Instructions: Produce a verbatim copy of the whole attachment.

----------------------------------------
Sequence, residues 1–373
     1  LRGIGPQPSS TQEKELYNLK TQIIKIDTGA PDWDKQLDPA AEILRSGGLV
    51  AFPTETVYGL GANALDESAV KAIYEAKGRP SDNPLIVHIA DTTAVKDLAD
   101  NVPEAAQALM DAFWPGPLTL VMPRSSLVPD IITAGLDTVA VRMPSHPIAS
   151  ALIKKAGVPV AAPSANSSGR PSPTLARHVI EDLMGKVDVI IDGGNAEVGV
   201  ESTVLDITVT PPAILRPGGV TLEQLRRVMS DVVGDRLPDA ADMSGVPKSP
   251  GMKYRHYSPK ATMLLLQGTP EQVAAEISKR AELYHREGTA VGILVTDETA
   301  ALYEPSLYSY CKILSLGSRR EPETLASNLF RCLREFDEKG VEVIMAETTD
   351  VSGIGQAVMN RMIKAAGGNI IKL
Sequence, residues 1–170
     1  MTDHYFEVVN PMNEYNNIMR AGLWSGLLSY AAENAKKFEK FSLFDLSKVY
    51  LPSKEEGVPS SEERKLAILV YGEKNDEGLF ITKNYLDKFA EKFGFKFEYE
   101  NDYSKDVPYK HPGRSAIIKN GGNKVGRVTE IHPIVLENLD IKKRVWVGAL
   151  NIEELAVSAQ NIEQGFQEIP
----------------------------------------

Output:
Sequence, residues 1–373
     1  LRGIGPQPSS TQEKELYNLK TQIIKIDTGA PDWDKQLDPA AEILRSGGLV
    51  AFPTETVYGL GANALDESAV KAIYEAKGRP SDNPLIVHIA DTTAVKDLAD
   101  NVPEAAQALM DAFWPGPLTL VMPRSSLVPD IITAGLDTVA VRMPSHPIAS
   151  ALIKKAGVPV AAPSANSSGR PSPTLARHVI EDLMGKVDVI IDGGNAEVGV
   201  ESTVLDITVT PPAILRPGGV TLEQLRRVMS DVVGDRLPDA ADMSGVPKSP
   251  GMKYRHYSPK ATMLLLQGTP EQVAAEISKR AELYHREGTA VGILVTDETA
   301  ALYEPSLYSY CKILSLGSRR EPETLASNLF RCLREFDEKG VEVIMAETTD
   351  VSGIGQAVMN RMIKAAGGNI IKL
Sequence, residues 1–170
     1  MTDHYFEVVN PMNEYNNIMR AGLWSGLLSY AAENAKKFEK FSLFDLSKVY
    51  LPSKEEGVPS SEERKLAILV YGEKNDEGLF ITKNYLDKFA EKFGFKFEYE
   101  NDYSKDVPYK HPGRSAIIKN GGNKVGRVTE IHPIVLENLD IKKRVWVGAL
   151  NIEELAVSAQ NIEQGFQEIP